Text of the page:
My thanks to Bianca, Bree, Delwyn, Joel, John, Meredith, Wayne and the other members of the Vascular Laboratory team whose names I have forgotten and all the staff at St Andrew’s hospital.

– Anthony

The morning after

The morning after

Plumbing OK! Electrical check tomorrow…

Today we should be waking up in Chile on the first day of the second phase of our journey. We should be regaling you with tales of the great city of Santiago. Instead we sit in the reception of St Andrew’s hospital in Brisbane at 6:30 in the morning waiting to go up to the cardiac day surgery area for my 8:30 angiogram. The last week has been a little surreal as we waited for today. All the tasks to be completed before our original departure became less important. We have considered the various outcomes of today’s angiogram and the likely impact they have on our travel plans. Our specialist gave no indication of his thoughts on what he will find so all options including medication, stent, pacemaker or surgery are on table, although I have my preference which does not include major surgery!

While the Internet can provide a plethora of information on everything today, too many views and options can be confusing. My research has been confined to trying to understand the latest techniques and some general background information so I can try to ask intelligent questions, which I suspect will only show my lack of knowledge on this subject.

After blogging for over nine months it is interesting to find that I am happy to reveal publicly personal medical information, which previously I would have not discussed, as this is pertinent to, and part of, the journey.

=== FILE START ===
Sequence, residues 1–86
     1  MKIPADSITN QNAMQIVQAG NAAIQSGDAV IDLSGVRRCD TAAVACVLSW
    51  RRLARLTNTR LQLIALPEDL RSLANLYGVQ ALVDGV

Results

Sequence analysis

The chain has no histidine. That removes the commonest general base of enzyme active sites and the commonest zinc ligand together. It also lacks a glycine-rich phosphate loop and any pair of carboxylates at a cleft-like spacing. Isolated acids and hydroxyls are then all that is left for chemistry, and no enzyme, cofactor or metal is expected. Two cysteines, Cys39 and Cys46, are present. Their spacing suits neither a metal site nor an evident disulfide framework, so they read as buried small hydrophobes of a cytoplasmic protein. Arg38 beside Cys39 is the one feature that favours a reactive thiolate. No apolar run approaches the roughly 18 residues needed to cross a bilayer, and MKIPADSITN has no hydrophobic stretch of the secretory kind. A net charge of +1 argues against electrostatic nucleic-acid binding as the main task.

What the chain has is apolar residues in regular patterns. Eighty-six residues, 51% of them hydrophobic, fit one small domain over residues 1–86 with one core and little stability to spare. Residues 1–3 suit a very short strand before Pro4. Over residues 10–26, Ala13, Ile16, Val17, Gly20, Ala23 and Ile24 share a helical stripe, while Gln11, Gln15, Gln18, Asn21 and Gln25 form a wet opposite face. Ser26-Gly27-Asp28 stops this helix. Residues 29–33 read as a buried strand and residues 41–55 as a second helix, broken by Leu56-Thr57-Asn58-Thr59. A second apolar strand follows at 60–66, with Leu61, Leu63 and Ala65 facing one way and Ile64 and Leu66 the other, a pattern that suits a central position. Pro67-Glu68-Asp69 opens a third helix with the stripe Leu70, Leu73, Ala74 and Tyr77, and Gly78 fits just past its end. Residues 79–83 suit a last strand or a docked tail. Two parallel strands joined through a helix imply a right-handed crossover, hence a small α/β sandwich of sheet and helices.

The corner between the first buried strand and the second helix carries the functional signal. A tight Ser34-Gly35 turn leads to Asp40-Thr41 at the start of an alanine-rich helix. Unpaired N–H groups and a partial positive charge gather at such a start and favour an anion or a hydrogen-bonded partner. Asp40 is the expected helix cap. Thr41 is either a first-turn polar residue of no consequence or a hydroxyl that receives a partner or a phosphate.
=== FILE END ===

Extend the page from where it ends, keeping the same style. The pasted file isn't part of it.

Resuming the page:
Progressing through the system has seen me move one floor up with the first obstacle, my chart moving around the hospital without me, being resolved. The first challenge was to put on the hospital gown, with three ties on the back and a design I had difficultly understanding at first but think I have managed although I suspect if I move too fast the whole thing will unravel and I will be scrabbling to avoid ending up in my birthday suit!

Paperwork still abounds in hospitals with forms and labels being filled and pasted as I wait. I need to have blood drawn and a drip attached. While attaching the cannula to my wrist, I suffer my first vasovagal, a light headed feeling wanting to throw up and generally unwell: it is a reaction to the cannula I am told. This effect only lasts for a couple of minutes as the kindly staff raise my feet, give me oxygen and provides sick bag. The effect is over in five minutes and I am back to my usual happy self. A new experience and one I will hopefully not repeat.

We now head to lab No. 3 where I meet the team who will treat me along with the specialist. Surrounded by hi-tech equipment and a massive tv screen we are ready to go. The friendly staff are happy to pose for photographs and one of the staff kindly offers to take a photo or two for me during the procedure for this blog. I am covered with nice warm blankets which are very pleasant.
Part of my happy  teamBree, another happy nurse
The process starts with the X-ray machine above my chest moves backwards and forwards like something out of a sci-fi movie at the command of the doctor undertaking the procedure calling out to the radiologist.
My heart monitors during the angiogram

I am wheeled into recovery and my specialist confirmed that there are no problems with the grafts from six years ago. YES YES YES …….! All look good and are functioning perfectly. No cutting and replacing of parts required! A further check is required by an electrician, their term not just mine, to check out the electrical aspect of my heart’s function, so I will be back tomorrow for round 2 at 14:00. Three hours of recovery fly by and I am out on ‘Leave’ which avoids the $200 fee for each separate admission.

My thanks to all the team at St Andrew’s for my treatment today and to all our family and friends for your support via various messages and phone calls.